Martin Plaut pretends to be a friend to many Ethiopians. And he actually knows what the political Ethiopia looks like these days. Yet, the report he published on theguardian regarding the abduction of Andargachew Tsige, British national of Ethiopian origin, by Yemen and hand over to Ethiopia sounds rather a disservice to me. It is less than even a mediocre report, not surprisingly though.
The thing is there is no such thing as integrity in business. And journalism is increasingly turning out to be a business by way of being a propaganda tool for the big business – among other things.
And the business of countries like the US and UK is the interest of, long term or short term, of their business people who are regularly looking for a means to make a lucrative investment overseas. It’s their business interest that matters most for them. It’s their cultural interest that matters more. It is not human rights issue or democracy that matters most to them, if it matters to them at all. And these countries do business with the regime in Ethiopia in different areas including in the area of military training.
Yet, we still seem to think they could actually help. I am not asking for an official stand on this matter. But at least we need to be aware of the situation in regards to their relation with the regime in Ethiopia and understand the reality. And what they are doing is actually consistent with the record they have on the issue of Ethiopia. No policy divergence or paradigm shift. At least since the London Conference before the fall of Derg regime they have been firmly standing behind the brutal regime in Ethiopia – a fact we seem to fail to understand or overlook – which has a lot to do with problem of political consciousness.
Yesterday, a BBC journalist was asking a beautiful Brazilian girl regarding a collapsed infrastructure. Her response remarkably demonstrate political consciousness. “We didn’t want it . We want quality life, education, health, job…” She is aware that Brazilians are not getting redistribution in the form of social services and insane spending on prestige project like infrastructures has little or no meaning for the downtrodden people.
By any means it is not an attempt to compare Brazil with Ethiopia. The story is about her political consciousness. It is a story so prevalent in the rest of Latin America.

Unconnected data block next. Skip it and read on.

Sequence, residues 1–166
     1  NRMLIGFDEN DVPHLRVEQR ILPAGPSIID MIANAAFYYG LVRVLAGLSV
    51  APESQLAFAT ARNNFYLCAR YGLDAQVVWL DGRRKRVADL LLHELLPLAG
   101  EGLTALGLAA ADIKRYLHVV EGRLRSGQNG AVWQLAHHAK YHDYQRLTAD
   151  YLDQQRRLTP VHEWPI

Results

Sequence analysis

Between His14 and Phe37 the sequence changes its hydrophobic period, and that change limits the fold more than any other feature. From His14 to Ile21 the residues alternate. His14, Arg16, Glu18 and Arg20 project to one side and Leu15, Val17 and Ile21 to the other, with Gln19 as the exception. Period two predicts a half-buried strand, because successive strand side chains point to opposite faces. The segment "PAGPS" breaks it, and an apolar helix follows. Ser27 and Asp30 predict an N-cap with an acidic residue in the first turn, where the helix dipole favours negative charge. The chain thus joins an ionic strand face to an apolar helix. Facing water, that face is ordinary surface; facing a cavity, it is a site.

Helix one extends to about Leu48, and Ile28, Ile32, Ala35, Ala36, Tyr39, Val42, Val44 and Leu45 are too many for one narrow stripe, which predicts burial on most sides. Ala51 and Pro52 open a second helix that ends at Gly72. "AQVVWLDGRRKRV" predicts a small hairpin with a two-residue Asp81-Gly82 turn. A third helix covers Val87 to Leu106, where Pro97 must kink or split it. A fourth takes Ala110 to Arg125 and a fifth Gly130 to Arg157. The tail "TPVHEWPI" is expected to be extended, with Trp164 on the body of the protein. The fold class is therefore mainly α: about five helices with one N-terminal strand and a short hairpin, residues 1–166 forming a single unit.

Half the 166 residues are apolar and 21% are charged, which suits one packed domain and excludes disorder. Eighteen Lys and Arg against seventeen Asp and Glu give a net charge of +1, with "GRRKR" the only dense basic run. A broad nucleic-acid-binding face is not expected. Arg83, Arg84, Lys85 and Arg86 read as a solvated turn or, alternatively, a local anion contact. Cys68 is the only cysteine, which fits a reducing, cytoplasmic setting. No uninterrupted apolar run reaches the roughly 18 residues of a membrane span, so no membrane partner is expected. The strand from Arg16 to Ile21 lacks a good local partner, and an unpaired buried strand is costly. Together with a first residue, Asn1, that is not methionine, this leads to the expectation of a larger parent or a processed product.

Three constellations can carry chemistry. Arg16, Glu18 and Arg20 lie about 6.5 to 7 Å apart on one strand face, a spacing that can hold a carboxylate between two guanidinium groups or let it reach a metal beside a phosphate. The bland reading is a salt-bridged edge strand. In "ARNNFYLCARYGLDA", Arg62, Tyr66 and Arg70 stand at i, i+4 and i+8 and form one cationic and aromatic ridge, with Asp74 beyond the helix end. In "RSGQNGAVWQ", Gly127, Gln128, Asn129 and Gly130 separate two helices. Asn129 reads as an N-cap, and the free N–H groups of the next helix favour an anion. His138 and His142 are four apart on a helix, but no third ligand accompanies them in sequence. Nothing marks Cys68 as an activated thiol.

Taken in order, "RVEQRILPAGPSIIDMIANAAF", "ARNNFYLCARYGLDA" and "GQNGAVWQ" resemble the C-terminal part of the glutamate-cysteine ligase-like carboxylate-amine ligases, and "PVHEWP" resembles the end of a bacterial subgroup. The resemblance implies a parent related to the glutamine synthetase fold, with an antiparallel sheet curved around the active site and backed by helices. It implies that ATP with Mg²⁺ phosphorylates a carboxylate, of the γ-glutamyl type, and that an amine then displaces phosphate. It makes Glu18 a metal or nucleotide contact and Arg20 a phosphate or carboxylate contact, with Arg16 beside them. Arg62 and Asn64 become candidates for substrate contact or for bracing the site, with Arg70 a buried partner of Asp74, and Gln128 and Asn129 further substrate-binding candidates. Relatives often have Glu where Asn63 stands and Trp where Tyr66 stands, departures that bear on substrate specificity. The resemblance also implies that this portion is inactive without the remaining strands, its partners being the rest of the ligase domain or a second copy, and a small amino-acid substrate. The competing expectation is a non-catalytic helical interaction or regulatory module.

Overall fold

Ethiopian Youth talk a lot about infrastructure development and economic growth. Yet, they seem to barely understand what it means to them or to the greater Ethiopian mass. They seem to be unaware about requirements of economic exploitation.
Much of the infrastructure in Africa was developed during colonial era and the purpose was to facilitate exploitation. South Africa is most developed in that regard. Yet, South Africa still has one of the biggest slum in the world and it’s facing renewed popular discontent because of problems of redistribution, and as part of the quest to meaningful freedom.
Coming back to the point, if averting the extradition of Andargachew Tsige was in the interest of the UK in light of upholding democratic principle, human rights or otherwise, they would have done everything to avert the extradition. It appears that they were actually informed about the development while Andargachew was still in Yemen.
The reality is that the administration in Ethiopia matters more to the UK in a number of ways – a reason that explain omission of the duty of the UK government to stand up in protection of their citizen of Ethiopian origin, and a reason that explains their all-out support to the regime in Ethiopia -from financial to military training and what have you.
It is not lack of knowledge on the matter either. UK is is well informed that Andargachew Tsige is already sentenced to death in absentia. The UK failed to protect him in Yemen where he was abducted at Senna international airport with his valid pass port, how could they defend him in Ethiopia? Of course, it is expected that they will pretend as if they are doing everything. Sadly, the story is not even in BBC world service as if it is nothing.